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Old 05-20-2015, 04:24 PM   #32
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It's not paying people who don't want to work, it is redistributing money where there aren't enough jobs for the working age population.
It used to be that people would move to where the jobs were. Having the taxpayer fund them to stay in an area with no jobs doesn't solve a problem...it creates one.
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Old 05-20-2015, 04:53 PM   #33
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You'd be surprised, I have friends in their early 30s who work and pay taxes but still think "the rich" can pay for all the social programs we "need." However, these friends are not high earners.
My friends who fit your description define "the rich" as anyone earning a penny more than them. Really flexible folks. They get a $1k raise and immediately feel that tax brackets should move up $1k so "the rich" pay more but they continue to pay less.

Sigh...... Observing life and people is one of the most interesting things about being retired and having time to do so.
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Old 05-20-2015, 04:57 PM   #34
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From what I recall of what I have read about the experiment in Dauphin, Manitoba, called the MINCOME experiment, it was ended early, and the funding to analyse the data was cut off, so it was was never properly analysed. Recently, someone has looked at the health outcomes, and concluded that there were significant savings for our universal public health insurance system. What has not been properly explored is the impact on labour market participation, i.e., did people stop working because they were getting handouts. This issue is particularly difficult to unpack because the participants knew that it was an experiment, so the money was time-limited. Would people react differently if the program had been permanent? I think you might expect that some people who want to take advantage of the temporary program while it lasts by quitting work, but wouldn't quit work permanently for an ongoing program because of the social and psychological benefits of work. The key point is that we should rush to conclude that MINCOME was a success that other jurisdictions should emulate. Also, the experiment took place in the early 1970s when Archie Bunker was firmly ensconced in his armchair. Would we get the same result now?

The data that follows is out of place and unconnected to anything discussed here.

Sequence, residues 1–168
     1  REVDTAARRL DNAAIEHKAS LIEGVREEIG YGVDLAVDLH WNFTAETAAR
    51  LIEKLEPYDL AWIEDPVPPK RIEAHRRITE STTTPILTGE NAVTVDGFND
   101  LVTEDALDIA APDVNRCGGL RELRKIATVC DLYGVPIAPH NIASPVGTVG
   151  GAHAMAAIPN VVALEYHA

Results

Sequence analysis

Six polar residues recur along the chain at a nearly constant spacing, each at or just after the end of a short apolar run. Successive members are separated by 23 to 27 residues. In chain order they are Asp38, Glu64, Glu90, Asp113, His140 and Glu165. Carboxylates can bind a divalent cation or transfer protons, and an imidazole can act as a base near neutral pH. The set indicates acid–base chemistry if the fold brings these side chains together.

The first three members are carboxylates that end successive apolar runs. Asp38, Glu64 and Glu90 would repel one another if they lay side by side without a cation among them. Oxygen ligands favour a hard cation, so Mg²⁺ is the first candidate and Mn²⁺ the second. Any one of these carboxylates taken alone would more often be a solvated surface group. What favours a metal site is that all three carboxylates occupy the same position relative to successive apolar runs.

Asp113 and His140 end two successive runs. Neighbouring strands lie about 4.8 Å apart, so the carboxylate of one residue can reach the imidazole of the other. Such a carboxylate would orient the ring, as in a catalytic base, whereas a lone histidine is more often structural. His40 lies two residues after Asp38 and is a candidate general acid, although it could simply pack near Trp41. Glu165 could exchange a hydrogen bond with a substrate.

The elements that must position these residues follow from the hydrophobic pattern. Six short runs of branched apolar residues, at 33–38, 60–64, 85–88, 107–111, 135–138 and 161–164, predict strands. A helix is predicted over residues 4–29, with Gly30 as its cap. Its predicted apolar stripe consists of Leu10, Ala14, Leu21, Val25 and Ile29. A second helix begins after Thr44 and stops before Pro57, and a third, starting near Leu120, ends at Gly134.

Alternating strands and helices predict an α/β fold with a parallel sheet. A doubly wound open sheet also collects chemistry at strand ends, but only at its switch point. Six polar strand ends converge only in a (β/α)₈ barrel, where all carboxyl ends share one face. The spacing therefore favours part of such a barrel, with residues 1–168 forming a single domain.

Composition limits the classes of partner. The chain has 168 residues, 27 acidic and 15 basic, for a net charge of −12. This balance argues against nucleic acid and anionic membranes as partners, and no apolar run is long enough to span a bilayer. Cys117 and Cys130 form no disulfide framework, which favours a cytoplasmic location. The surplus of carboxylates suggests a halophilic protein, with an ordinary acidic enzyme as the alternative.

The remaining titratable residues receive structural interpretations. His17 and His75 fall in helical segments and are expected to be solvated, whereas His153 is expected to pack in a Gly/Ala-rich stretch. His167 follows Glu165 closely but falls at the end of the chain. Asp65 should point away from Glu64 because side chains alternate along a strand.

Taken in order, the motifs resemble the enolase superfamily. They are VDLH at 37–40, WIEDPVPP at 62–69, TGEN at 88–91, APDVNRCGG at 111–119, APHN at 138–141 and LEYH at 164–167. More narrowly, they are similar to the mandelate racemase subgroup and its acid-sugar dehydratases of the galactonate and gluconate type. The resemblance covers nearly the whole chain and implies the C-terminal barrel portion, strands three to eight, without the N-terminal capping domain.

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Old 05-20-2015, 04:59 PM   #35
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*should NOT rush to conclude...
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Old 05-21-2015, 07:40 AM   #36
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It used to be that people would move to where the jobs were. Having the taxpayer fund them to stay in an area with no jobs doesn't solve a problem...it creates one.
I think that's complicated by the fact that most households are now dual income.
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Old 05-21-2015, 08:19 AM   #37
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It used to be that people would move to where the jobs were. Having the taxpayer fund them to stay in an area with no jobs doesn't solve a problem...it creates one.
Maybe that's the issue, maybe the taxpayers could assist with the moves.. It use to be companies paid to move you, but that is less and less these days making mobility difficult. Do you risk moving before you have a job? and if you try to apply for a job remote, will they even look at your application..usually NOT.

I'd love to see some type of "experiment" where people could be assisted in moving to where jobs were. Obviously it becomes difficult with dual incomes and just leaving family/friends, but you might be able to find enough people that would help rebalance the disparity we have with jobs not being filled .. vs. people with qualifications not moving and it would benefit the states that help people "move in".
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Old 05-21-2015, 09:00 AM   #38
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Maybe that's the issue, maybe the taxpayers could assist with the moves.. It use to be companies paid to move you, but that is less and less these days making mobility difficult. Do you risk moving before you have a job? and if you try to apply for a job remote, will they even look at your application..usually NOT.
I've never moved without a job and megacorp always paid for it.
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Old 05-21-2015, 09:30 AM   #39
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There is new interest in this idea, motivated in large part by the fear that productivity has risen to a point where all or our needs can be fulfilled without employing much of the work force. It's not paying people who don't want to work, it is redistributing money where there aren't enough jobs for the working age population.

Economists do not agree whether this is a likely scenario. I wonder if it wouldn't make more sense to try to lower the basic cost of living through hard and soft infrastructure improvements, so that more people could get by on less.
I think all our real needs with respect to food, clothing, and shelter can be fulfilled without employing much of the work force. It's why there is so much junk produced along with plenty of wasted time.

But you know the saying...one man's junk is another man's treasure.
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Old 05-21-2015, 09:33 AM   #40
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I've never moved without a job and megacorp always paid for it.
Goodie, but it means nothing except for you. Unless all or nearly all workers can expect that it is not a workable idea. Only the exceptions get that kind of deal. The Masses don't and never can The system won't support it. . That is why companies off-shore jobs. They have no intention of moving anybody.